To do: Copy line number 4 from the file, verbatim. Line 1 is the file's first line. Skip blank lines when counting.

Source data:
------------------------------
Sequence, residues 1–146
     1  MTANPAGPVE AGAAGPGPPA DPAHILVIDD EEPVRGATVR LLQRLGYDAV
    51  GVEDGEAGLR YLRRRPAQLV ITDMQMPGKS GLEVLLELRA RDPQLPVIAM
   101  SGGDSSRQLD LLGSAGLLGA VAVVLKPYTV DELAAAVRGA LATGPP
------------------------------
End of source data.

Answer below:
   101  SGGDSSRQLD LLGSAGLLGA VAVVLKPYTV DELAAAVRGA LATGPP